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Diagnosis of Diabetic Neuropathy

Neuropathy is diagnosed on the basis of symptoms and a physical exam. During the exam, the doctor may check blood pressure and heart rate, muscle strength, reflexes, and sensitivity to position, vibration, temperature, or a light touch.

The doctor may also do other tests to help determine the type and extent of nerve damage.

  • A comprehensive foot exam assesses skin, circulation, and sensation. The test can be done during a routine office visit. To assess protective sensation or feeling in the foot, a nylon monofilament (similar to a bristle on a hairbrush) attached to a wand is used to touch the foot. Those who cannot sense pressure from the monofilament have lost protective sensation and are at risk for developing foot sores that may not heal properly. Other tests include checking reflexes and assessing vibration perception, which is more sensitive than touch pressure.

  • Nerve conduction studies check the transmission of electrical current through a nerve. With this test, an image of the nerve conducting an electrical signal is projected onto a screen. Nerve impulses that seem slower or weaker than usual indicate possible damage. This test allows the doctor to assess the condition of all the nerves in the arms and legs.

  • Electromyography (EMG) shows how well muscles respond to electrical signals transmitted by nearby nerves. The electrical activity of the muscle is displayed on a screen. A response that is slower or weaker than usual suggests damage to the nerve or muscle. This test is often done at the same time as nerve conduction studies.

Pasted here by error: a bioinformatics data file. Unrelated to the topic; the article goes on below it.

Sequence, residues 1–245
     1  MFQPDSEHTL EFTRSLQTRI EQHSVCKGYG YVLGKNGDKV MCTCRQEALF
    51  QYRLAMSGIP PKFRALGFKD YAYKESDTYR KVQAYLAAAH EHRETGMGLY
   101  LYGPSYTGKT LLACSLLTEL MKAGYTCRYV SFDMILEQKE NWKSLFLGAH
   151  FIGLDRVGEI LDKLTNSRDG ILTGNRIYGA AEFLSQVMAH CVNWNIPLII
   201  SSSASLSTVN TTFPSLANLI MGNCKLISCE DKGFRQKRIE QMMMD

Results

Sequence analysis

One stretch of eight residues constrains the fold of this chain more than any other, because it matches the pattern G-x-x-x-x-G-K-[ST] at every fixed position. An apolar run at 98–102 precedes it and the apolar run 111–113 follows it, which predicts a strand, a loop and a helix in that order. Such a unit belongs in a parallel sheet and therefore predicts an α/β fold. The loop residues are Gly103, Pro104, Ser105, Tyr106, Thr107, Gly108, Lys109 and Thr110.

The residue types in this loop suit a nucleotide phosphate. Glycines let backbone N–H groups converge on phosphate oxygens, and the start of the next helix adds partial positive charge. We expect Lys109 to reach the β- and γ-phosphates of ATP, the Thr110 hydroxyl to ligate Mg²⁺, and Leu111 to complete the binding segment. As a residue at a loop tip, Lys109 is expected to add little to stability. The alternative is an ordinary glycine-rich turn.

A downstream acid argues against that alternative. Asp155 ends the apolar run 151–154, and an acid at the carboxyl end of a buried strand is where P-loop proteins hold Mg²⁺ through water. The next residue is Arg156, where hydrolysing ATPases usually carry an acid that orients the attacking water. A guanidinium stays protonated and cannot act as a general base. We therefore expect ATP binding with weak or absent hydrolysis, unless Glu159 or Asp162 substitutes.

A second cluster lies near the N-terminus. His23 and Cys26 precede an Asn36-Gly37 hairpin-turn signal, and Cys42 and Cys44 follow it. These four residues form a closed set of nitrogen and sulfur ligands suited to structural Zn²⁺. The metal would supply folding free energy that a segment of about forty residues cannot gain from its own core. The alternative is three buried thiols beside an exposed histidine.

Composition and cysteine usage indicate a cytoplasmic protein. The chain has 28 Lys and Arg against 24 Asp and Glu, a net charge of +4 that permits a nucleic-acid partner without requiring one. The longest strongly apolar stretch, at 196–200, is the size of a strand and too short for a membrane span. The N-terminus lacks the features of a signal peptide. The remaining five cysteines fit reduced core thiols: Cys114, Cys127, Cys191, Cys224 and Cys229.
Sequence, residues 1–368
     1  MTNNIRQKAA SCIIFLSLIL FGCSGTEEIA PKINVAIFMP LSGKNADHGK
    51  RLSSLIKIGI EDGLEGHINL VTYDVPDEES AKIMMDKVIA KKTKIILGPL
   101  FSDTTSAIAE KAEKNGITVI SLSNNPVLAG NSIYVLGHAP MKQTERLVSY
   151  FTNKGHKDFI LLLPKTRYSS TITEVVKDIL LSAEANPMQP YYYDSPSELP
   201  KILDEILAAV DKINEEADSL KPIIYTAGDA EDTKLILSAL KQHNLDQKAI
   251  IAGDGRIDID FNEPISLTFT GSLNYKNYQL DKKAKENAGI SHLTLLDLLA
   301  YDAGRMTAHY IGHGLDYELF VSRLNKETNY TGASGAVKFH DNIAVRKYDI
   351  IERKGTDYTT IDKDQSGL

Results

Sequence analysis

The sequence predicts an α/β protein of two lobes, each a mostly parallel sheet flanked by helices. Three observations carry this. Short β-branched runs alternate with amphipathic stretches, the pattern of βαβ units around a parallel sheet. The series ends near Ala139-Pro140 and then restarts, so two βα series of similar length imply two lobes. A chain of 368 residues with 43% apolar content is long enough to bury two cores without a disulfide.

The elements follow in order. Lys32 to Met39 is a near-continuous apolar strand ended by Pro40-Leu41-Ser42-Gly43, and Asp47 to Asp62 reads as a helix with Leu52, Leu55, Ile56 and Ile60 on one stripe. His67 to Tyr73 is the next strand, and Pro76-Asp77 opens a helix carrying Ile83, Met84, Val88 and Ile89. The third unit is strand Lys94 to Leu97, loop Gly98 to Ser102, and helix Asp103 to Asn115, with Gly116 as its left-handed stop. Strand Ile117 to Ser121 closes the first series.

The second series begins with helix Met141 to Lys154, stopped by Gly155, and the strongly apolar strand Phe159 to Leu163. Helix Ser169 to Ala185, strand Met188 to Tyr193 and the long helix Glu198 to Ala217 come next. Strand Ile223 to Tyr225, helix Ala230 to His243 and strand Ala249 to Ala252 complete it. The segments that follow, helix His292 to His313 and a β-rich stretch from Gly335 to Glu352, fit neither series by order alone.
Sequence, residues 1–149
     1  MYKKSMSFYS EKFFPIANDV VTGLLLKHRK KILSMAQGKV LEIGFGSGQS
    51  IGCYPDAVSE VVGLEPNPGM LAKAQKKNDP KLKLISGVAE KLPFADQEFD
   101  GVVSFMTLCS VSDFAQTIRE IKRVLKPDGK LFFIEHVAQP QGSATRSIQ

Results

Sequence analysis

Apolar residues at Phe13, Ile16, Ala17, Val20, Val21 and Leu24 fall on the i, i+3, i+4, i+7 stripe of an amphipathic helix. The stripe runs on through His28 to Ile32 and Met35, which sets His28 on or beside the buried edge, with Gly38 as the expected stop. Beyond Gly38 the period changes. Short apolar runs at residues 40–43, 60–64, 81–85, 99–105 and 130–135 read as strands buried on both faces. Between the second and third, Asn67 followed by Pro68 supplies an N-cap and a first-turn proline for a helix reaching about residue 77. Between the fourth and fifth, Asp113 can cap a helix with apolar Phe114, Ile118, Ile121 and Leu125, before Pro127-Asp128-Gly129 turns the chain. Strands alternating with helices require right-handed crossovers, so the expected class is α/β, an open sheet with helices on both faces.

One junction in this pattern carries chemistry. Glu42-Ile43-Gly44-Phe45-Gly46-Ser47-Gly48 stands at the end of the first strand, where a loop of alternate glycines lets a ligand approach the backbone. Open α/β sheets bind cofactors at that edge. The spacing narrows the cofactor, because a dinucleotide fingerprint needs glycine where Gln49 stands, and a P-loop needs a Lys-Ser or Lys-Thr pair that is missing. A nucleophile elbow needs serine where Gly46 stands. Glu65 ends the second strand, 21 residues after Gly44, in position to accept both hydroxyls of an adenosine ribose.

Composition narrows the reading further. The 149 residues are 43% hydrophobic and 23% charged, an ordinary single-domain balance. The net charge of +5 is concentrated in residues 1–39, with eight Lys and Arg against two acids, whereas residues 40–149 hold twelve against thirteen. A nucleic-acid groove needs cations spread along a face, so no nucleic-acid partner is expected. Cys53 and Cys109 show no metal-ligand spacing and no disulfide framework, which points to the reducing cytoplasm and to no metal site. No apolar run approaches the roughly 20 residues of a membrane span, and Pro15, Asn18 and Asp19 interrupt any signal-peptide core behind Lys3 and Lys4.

• Quantitative sensory testing (QST) uses the response to stimuli, such as pressure, vibration, and temperature, to check for neuropathy. QST is increasingly used to recognize sensation loss and excessive irritability of nerves.

  • A check of heart rate variability shows how the heart responds to deep breathing and to changes in blood pressure and posture.

  • Ultrasound uses sound waves to produce an image of internal organs. An ultrasound of the bladder and other parts of the urinary tract, for example, can show how these organs preserve a normal structure and whether the bladder empties completely after urination.

  • Nerve or skin biopsy involves removing a sample of nerve or skin tissue for examination by microscope. This test is most often used in research settings.

Source: NIDDK/NIH

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